Colonialism, how did the PH benefit?



AN old sound-bite from President Ramos goes something like, “the British ruled us for just two years . . . it may have been better if they had stayed longer.” Indeed, for two years from 1762-1764, the British had a Governor General in Manila to look after Manila and Cavite, which they had taken as a result of the Seven Years’ War, a conflagration involving most of the world’s major powers at the time (Spain being one), sparked off by yet one of the many disputes between Britain and France over their respective North American colonies. But then as a result of some political horse trading in 1764, the Spanish from New Spain (Mexico) came back again to rule for another 134 years.

The British Empire at the time covered most of Canada and 13 colonies of the United States, parts of India and what is now Bangladesh, various cities in Africa, the Caribbean and Central America, and a scattering of small islands all over the place. It later expanded to cover half the world’s population and about one-third of its land mass. It can therefore be said that the British were experienced colonizers. Most of this colonization was based on trade supported by military force and included swapping opium for tea. The Empire at its peak accounted for half the total trade of the world.

These days colonization, like “sexism” and “racism,” is an unpopular thing. It is viewed mainly as unfair exploitation and has attracted a lot of negative press highlighting subjugation, slavery and the rape and pillage of the natural resources of various sovereign states. Some of the great powers of the time were better at colonizing than others. Spain was primarily notable in terms of “giving back,” for the introduction of the Catholic Church and adoption of Catholicism by the local “heathens.” It is here that President Ramos has a point. Whilst there is little doubt that the British in their colonizing efforts raped and pillaged as much as any of the other powers, it is also fair to say that they gave back and that their “give backs,” even though some of them were self-serving to feed British industrial capacity (railways), are sustained in very many cases to this day.

In their tramping around the world, they put in place parliamentary systems of government, legal systems that work, infrastructural administrative systems, postal services and educational systems which, at a glance, appear to be counter to the colonialist model of exploitation, rape and pillage. They also built railways; Argentina, China, Thailand, Chile, Brazil, Mexico (not formal colonies), India, South Africa, Uganda, Malaysia, the USA and Canada. They built roads and established marine passenger transport and air routes. They set up and ran the Chinese customs and postal services for over 100 years even though China was not officially a colony.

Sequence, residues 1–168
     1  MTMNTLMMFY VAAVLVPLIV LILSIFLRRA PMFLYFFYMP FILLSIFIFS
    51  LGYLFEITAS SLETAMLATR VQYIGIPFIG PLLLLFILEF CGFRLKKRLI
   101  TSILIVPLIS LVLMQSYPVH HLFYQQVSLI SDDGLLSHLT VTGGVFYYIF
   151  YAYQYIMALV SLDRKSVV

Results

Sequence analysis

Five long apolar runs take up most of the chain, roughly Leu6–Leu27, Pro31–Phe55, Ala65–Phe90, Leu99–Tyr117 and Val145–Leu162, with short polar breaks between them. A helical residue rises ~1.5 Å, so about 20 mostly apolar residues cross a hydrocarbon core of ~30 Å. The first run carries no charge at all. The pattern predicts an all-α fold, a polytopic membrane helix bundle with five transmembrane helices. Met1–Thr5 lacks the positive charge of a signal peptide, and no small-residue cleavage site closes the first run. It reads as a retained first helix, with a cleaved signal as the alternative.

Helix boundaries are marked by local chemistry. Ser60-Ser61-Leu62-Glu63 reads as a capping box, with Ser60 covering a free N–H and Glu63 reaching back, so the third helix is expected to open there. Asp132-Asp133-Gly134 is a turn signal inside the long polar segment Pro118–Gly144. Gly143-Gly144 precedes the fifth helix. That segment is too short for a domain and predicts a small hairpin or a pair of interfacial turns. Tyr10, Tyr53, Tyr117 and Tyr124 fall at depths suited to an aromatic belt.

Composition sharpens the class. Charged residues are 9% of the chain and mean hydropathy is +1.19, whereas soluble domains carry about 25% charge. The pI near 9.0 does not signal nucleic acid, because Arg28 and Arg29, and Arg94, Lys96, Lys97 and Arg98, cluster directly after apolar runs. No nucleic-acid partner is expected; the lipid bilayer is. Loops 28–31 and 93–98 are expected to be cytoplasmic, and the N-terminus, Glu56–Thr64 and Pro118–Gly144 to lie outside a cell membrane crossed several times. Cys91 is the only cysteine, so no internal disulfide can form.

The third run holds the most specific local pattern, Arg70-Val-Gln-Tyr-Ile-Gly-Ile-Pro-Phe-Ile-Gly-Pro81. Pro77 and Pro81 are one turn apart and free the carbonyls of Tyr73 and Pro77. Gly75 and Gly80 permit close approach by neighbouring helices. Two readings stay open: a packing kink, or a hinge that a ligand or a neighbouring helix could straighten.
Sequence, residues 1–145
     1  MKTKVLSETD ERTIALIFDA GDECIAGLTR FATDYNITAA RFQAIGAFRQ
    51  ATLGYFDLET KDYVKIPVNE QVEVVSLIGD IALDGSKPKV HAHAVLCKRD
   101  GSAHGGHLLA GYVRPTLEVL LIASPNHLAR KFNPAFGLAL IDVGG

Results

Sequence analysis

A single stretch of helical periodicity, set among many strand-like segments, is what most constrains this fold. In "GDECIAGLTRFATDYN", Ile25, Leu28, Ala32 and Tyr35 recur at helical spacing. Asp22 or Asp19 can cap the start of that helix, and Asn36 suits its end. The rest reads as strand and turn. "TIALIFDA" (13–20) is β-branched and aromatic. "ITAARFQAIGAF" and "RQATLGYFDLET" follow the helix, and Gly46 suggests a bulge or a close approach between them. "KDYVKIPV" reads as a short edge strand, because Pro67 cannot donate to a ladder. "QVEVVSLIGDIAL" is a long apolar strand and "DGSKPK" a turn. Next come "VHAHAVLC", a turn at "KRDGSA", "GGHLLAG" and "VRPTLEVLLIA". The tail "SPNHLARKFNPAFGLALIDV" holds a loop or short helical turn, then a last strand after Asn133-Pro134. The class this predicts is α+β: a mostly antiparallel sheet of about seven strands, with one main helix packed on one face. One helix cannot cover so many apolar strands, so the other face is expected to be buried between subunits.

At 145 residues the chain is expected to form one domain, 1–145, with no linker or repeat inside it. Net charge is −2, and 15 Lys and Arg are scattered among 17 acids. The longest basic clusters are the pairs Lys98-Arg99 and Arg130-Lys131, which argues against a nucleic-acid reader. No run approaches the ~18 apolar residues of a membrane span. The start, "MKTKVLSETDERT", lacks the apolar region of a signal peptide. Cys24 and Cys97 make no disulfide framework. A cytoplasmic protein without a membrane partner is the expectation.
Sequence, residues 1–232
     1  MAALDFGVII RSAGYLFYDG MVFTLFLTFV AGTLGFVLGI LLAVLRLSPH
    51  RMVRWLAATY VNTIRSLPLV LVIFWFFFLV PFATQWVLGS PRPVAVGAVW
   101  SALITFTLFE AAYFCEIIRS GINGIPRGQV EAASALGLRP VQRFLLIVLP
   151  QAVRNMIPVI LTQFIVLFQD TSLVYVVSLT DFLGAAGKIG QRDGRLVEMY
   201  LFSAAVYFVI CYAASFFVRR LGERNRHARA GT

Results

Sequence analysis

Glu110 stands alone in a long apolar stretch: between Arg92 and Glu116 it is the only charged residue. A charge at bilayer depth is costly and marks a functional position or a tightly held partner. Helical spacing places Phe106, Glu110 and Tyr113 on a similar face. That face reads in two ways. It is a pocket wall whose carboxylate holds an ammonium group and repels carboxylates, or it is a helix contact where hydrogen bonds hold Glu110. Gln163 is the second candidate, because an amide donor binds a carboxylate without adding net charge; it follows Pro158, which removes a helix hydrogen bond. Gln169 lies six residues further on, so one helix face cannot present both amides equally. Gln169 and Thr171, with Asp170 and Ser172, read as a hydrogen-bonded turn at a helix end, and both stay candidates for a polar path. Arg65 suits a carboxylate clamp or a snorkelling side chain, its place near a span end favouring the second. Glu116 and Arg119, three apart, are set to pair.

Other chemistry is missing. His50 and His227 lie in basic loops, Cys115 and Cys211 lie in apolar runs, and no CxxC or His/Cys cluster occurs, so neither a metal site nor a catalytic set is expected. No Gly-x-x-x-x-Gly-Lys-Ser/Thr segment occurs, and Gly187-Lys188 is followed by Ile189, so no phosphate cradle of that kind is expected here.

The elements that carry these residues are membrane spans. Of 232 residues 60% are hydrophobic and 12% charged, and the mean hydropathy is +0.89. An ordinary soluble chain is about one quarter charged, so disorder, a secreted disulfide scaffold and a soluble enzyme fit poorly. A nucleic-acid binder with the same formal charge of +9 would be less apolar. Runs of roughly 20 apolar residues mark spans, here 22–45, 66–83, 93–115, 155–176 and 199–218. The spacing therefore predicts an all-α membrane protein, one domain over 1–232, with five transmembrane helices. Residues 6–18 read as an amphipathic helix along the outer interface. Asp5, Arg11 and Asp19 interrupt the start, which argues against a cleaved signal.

Lest the reader think that I am trumpeting Britain’s colonial achievements—that is not my point, albeit it is saddening to see such a fall in the UK’s position in the world over the last 70 years. But then everything is cyclical. I wonder what would be different in the Philippines of today had, as President Ramos implies, the British indeed stayed for longer, prevented the reoccupation of New Spain and resisted the Americans, who themselves do not have a particularly good track record of successful colonization.

It may have been that there would be a parliamentary system of government today, a good education system, a working postal service and an objective legal system, as well as infrastructures that actually operate to support economic development. Interestingly, British colonization did not generally require that any particular religion be adopted; they were not great ones for missionary efforts although Anglican Christianity was a preferred option.

The Philippines would also have become a member of the British Commonwealth which encourages trade between its members such as Australia, Canada, New Zealand and the other 50 member states, among which their trade is 50 percent more than that with non-members. Members are generally ex-members of the British Empire; they have no legal obligation to one another. Instead, they are united by language, history, certain common cultures, and the shared values of democracy, human rights, and the rule of law. That these countries can still formally associate with one another is, to my mind, a testament to the fact that British colonialism was nothing like 100 percent bad.

So I agree with the observation of President Ramos that despite the many negative aspects of colonialism, had the Philippines “suffered” the British type for a period significantly longer than the two years it did, then it would indeed be a very different place today. We may even be playing cricket and driving on the left-hand side of the road!

Mike can be contacted at


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  1. We are where we are. Colonialism by its word has no place in the modern times. It is simply exploitation, maintenance, acquisition, and expansion of colony in one territory by a political power from another territory. It is unequal relationships between the colonial power and the colony and often between the colonists and the indigenous population. Whoever is the colonizer should be ashamed of themselves. People need not colonize but migrate and hope to live a better life. Lastly, colonizing another country is a by product of greed. There are countries who did not colonize but are prosperous and have decent people. Equally there are countries who were not colonize but are better off.